An important thing that climbers must know about mountains is that they always have the potential to be afflicted with acute mountain sickness (AMS) caused by exposure to low partial pressure of high altitude mountains. Normally this occurs when climbers reach the 3,000-meter mark above sea level. The signs of sickness can be detected when climbers start to feel weak and dizzy. They also tend to climb slower and remain mute. Usually the guide will notice all of those symptoms and the first thing they will do to the climber is to take him or her aside to rest and assist the individual in breathing control. If the climber’s condition is not critical, he or she may return to the climb. However, if the climber’s condition worsens, he or she will be sent back down to the starting point. AMS is considered as a silent killer because it attacks slowly and the climber usually would not be able to recognise his or her ailment.
Reaching the second pit stop made us feel alive again. The past five kilometres of the route were extremely rocky. It felt like we were climbing on endless stairs, shivering and drenched from the damp atmosphere and our own sweat. The strong wind that blew into our faces affected our sight. Yet, we were advised not to stop due to the risk of being blown away by the wind. After five hours of climbing, we eventually reached Laban Rata and enjoyed hot drinks and cozied up in warm blankets. However, the rain that accompanied us since the start of our climb still had not yet stopped.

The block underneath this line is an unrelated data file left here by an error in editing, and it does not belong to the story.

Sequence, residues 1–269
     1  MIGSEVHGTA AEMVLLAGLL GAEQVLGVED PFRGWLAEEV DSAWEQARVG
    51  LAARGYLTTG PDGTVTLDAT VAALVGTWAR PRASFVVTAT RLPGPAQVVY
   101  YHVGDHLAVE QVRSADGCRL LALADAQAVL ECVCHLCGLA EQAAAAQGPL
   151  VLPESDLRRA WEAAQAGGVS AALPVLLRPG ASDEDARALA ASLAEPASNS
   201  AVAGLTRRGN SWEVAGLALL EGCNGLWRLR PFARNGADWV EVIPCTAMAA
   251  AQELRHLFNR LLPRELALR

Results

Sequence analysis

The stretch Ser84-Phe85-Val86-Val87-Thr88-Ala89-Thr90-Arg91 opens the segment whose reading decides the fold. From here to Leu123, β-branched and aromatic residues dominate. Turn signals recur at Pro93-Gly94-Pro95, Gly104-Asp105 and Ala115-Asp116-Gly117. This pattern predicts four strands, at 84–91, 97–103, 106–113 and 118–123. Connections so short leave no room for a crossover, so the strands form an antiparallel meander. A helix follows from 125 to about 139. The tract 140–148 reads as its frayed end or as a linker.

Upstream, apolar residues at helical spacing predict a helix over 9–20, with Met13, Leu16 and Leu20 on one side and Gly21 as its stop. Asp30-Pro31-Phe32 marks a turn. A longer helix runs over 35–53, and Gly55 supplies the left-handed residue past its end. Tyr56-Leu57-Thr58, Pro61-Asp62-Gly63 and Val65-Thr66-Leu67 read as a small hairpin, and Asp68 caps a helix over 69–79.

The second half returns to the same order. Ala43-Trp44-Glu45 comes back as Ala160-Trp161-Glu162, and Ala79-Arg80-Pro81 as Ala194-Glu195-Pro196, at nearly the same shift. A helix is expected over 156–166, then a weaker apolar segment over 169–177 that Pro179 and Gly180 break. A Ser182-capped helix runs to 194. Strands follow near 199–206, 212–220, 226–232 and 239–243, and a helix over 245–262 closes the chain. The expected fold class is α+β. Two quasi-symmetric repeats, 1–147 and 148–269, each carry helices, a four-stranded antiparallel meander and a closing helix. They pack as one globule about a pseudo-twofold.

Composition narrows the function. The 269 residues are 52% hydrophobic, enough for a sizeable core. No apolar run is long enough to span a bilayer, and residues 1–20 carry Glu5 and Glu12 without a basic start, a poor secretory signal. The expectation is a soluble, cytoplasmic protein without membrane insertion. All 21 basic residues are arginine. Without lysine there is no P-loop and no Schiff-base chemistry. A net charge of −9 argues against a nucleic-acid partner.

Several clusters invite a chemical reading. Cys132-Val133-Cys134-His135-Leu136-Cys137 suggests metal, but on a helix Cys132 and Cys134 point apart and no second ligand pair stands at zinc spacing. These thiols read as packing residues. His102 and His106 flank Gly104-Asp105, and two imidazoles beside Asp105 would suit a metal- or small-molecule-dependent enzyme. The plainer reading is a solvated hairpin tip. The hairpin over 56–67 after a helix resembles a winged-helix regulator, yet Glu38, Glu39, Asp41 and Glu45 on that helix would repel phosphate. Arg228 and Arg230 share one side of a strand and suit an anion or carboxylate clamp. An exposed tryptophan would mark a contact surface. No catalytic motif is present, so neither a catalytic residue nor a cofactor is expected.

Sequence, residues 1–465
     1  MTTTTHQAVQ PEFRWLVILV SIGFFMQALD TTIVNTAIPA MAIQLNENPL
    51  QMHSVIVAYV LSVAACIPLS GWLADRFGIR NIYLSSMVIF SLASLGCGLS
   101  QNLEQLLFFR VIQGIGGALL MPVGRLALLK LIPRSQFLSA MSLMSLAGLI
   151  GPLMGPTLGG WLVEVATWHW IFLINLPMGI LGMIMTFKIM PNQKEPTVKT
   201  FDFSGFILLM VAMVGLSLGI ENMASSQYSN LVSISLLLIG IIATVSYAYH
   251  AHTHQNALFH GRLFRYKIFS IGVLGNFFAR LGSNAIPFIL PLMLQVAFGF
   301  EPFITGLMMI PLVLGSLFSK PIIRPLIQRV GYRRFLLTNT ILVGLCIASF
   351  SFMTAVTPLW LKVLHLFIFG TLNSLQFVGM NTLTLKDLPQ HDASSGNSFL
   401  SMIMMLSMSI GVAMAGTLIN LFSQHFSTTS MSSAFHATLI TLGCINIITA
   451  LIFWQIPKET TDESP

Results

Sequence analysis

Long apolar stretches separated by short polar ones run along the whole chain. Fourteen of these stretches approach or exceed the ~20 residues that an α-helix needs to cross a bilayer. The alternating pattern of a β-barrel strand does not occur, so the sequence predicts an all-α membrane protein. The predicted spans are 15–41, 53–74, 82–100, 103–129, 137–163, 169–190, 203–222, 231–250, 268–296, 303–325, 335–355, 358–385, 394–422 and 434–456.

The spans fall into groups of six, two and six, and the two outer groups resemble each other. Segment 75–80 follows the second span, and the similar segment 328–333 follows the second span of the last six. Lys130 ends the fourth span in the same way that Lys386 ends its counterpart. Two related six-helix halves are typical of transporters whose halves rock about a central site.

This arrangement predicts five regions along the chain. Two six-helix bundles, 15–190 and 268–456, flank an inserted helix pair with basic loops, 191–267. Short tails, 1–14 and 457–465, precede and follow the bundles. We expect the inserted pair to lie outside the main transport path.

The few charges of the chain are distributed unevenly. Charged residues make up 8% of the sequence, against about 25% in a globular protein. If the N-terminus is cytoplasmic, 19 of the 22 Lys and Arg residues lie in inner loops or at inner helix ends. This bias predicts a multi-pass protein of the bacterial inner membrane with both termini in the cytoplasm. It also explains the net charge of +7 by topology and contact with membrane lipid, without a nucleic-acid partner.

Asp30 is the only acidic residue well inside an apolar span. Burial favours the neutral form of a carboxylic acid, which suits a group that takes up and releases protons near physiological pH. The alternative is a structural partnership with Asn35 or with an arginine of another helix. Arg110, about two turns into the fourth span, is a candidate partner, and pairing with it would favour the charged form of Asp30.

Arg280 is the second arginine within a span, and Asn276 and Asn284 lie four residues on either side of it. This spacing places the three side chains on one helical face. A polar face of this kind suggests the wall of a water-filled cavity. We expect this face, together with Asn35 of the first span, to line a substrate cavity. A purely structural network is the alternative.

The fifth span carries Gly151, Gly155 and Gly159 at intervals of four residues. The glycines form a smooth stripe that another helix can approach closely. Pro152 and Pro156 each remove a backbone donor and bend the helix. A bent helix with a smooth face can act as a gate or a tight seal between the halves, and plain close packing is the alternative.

Our climbing package included rooms and meals at Laban Rata for two days and one night, which cost us RM650 for accommodation, guide, certificates and meals. We were pleased by the facilities provided at Laban Rata and the delicious food was even served on time. We had our lunch and dinner there, then attended a short briefing to prepare us for the climb to the summit at 2 a.m. the next day.
After checking out with the other climbers, we found out that the price of the packages range from as low as RM350 to as high as thousands of ringgit; it actually depends on the timing of your booking – the earlier you book, say one month ahead of your climb, the cheaper it gets.